Q&A with Chris Blees

(The Gazette, By Charise Simpson; Published August 2014)


From the age of 15, Chris Blees knew he wanted to help entrepreneurs find a way to monetize their passions.

He grew up in St. Louis, watching his father – a piano technician – work endless hours earning high accolades in his industry, yet bringing home very little financial reward. The younger Blees believed people should be able to earn a lot of money for something they are good at, so he focused on the challenges of profitability by studying economics in high school and learning from business owners.

He earned a business degree from Western State in Gunnison and took a job with BiggsKofford straight out of college.

Today, he’s president and CEO of BiggsKofford, a CPA firm that offers tax, audit and business solutions. He is celebrating his 20th anniversary with the company this year. Under his leadership, the firm launched its mergers and acquisitions arm in 2002.  Blees assumed his current role in 2007, when co-founder Jerry Biggs retired.

Question: How does?BiggsKofford differ from the standard CPA firm model?

Answer: BiggsKofford is two parts CPA firm and one part investment banking firm. The traditional CPA part does financial statement work, taxes and audits. Our investment banking division accounts for 35 percent of our revenue, which is far from the industry average of 7 percent. Both arms serve our niche customers, which are closely held businesses with 10 or fewer owners.

Unique elements of our firm are we’re consultive and we run our business differently because we don’t have a managing partner. We are a business that happens to perform CPA services. As the president and CEO, my functional area is much less chargeable than a managing partner. It frees me up to focus on the management and strategy planning of the firm.

Q: What is the fastest growing part of your business?

A: In the last two years, the mergers and acquisitions part has really come back; 2008 and 2009 was a big downturn and 2010 and 2011 was the doldrums nationwide. We’re back to a fairly good pace at this point. In our traditional CPA firm, our niche has been physician groups and medical practices. We’ve had more than 25 percent growth there in the last year.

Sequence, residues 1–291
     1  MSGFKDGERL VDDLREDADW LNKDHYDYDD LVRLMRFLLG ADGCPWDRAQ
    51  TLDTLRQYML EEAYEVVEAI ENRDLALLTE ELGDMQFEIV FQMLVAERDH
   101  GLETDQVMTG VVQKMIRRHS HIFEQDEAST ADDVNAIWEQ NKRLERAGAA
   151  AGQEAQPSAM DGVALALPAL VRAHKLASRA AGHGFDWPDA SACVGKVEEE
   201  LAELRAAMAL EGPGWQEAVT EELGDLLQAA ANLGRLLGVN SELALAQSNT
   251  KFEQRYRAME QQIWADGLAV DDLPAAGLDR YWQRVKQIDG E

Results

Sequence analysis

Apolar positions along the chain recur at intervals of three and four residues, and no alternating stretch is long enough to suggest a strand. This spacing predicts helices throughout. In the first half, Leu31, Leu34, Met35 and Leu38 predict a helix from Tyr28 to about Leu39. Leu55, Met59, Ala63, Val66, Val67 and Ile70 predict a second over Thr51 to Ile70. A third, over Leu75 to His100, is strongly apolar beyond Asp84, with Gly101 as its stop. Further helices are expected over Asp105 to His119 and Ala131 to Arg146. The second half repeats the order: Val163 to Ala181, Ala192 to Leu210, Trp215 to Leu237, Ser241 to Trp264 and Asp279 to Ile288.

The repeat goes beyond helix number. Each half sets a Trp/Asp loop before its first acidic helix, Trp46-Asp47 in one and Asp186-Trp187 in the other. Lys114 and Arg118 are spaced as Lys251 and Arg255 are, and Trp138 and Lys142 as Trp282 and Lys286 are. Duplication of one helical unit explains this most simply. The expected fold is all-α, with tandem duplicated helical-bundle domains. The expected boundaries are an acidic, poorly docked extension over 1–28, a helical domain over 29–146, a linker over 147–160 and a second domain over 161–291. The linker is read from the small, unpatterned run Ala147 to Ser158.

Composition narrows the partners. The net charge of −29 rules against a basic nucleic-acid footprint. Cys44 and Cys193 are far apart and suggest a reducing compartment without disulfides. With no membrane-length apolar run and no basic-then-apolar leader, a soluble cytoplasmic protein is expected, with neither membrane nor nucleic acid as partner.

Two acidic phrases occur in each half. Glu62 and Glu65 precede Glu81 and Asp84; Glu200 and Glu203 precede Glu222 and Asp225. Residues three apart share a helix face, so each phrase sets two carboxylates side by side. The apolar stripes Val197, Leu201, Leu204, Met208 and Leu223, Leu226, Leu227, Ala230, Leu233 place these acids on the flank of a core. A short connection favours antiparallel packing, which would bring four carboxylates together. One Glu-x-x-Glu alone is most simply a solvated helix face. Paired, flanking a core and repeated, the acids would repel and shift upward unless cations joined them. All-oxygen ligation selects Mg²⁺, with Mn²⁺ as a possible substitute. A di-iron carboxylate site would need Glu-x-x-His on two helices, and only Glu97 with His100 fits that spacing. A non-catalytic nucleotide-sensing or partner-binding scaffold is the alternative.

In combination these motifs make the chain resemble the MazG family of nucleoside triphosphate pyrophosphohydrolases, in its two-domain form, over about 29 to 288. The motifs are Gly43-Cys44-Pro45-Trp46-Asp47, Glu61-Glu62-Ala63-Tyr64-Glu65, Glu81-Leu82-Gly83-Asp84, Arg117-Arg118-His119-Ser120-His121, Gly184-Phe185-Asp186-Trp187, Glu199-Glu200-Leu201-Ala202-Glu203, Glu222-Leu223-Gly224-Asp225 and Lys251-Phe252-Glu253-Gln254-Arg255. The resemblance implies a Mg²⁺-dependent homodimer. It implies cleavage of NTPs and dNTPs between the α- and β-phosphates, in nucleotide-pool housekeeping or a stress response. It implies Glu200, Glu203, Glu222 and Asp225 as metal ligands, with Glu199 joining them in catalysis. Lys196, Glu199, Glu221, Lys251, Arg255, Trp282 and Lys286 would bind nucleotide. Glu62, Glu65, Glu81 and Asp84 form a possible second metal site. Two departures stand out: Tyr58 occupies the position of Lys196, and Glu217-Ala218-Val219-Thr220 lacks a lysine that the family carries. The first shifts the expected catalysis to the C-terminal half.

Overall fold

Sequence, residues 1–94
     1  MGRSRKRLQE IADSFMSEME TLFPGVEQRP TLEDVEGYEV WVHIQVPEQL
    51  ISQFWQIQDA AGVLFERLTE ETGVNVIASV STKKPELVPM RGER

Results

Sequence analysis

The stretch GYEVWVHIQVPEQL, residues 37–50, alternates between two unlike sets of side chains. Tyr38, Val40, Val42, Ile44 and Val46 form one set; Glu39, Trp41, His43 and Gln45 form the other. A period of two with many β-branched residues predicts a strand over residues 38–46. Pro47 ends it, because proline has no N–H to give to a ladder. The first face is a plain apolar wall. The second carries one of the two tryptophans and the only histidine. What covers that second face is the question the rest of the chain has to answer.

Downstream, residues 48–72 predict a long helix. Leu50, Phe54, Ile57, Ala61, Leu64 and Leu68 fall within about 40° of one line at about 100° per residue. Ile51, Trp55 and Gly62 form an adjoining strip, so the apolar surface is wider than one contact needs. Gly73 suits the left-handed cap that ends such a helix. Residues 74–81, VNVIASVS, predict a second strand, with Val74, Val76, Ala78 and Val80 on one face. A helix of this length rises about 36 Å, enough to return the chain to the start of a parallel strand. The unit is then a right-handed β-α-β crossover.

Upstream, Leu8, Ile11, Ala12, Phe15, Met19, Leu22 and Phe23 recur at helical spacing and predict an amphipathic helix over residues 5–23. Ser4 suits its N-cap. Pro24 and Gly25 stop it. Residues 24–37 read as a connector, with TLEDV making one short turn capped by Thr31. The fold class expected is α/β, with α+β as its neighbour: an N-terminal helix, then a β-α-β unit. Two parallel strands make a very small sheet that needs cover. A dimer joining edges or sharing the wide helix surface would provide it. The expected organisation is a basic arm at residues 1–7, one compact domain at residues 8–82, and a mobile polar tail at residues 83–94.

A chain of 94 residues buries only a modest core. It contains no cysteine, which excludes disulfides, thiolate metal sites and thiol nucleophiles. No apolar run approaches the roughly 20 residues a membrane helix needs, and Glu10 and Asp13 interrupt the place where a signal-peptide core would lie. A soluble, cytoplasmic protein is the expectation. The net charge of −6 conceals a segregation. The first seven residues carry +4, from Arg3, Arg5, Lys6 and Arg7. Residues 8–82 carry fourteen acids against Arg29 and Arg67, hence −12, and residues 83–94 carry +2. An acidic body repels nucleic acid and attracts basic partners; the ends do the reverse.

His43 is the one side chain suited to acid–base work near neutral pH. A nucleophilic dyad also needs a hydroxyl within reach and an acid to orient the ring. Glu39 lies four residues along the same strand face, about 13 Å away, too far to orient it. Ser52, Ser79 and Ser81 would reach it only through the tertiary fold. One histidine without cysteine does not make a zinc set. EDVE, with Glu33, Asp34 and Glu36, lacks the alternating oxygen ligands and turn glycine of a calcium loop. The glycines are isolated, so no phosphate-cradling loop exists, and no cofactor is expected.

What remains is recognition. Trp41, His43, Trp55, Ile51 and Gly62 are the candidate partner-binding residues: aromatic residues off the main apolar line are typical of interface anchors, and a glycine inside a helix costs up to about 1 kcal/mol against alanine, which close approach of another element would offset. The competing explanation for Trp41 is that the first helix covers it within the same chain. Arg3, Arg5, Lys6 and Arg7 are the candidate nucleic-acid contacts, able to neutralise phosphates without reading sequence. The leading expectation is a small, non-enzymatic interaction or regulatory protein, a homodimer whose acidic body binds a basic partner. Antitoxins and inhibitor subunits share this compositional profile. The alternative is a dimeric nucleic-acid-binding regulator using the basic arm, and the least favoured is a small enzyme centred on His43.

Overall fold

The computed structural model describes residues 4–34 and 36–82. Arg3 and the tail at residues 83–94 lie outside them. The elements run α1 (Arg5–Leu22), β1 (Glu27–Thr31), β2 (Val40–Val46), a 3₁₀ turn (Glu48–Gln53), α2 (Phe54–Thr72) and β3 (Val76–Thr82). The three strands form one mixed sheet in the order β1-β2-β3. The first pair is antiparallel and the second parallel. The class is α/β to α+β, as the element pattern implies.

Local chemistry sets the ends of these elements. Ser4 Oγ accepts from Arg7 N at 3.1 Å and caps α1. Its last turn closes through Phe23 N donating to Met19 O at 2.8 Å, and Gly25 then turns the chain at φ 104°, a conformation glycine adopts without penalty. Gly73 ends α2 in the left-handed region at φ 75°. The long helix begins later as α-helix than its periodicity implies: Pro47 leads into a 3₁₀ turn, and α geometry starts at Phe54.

Q: What are your plans for growth?

A: We have very strategic and nonaggressive growth plans.  We target 10 percent growth per year. We don’t want more than that because we want to grow intelligently and profitably.

Q: How did the recession affect your business?

A: It was hard. We had a couple of years of single-digit retraction, meaning we had top line revenue reductions two years in a row that were 5 to 7 percent. That was still pretty good, however. We were working with homebuilders that were having huge reductions in revenue, so I shouldn’t complain. We rebounded and surpassed our previous highs within a couple years of that.

Q: What advice would you offer entrepreneurs?

A: Remaining self-sufficient in their own ability to make business decisions is critical. That stems from a financial self-sufficiency that allows you to remain in control, without debt or other capital that will negatively influence the control they have on their company. You need money to run your business and it’s a lot easier when it’s your money.

Q: Do you have a personal formula for success?

A: Confucius said, “A truly wise man surrounds himself with wiser men.” My goal in life is to see those people I impact as successful.  My theory is that if I drive success in everyone around me, I myself will naturally be successful.

?Q: What are your thoughts on the Colorado Springs business climate?

A: We have an amazing business climate despite the inherent detriments that we were dealt. I’m a very strong supporter of nonprofits and participate on many nonprofit boards, but when it comes to economic measures, our climate is severely hampered by having 50 percent of our economy that is nonprofit motivated, meaning government and other nonprofit organizations.  It makes us look like we are half as big as we really are and weaker in all per capita economic measures.  Again, nothing against the nonprofits.  They inherently bring lower wages, lower capital, less profit and earning ability, less liquidity per capita and less wealth per capita. So, in all those things that measure economic success, we’re going to have a 50 percent handicap. Withstanding that, there are some amazing brilliant business minds here.


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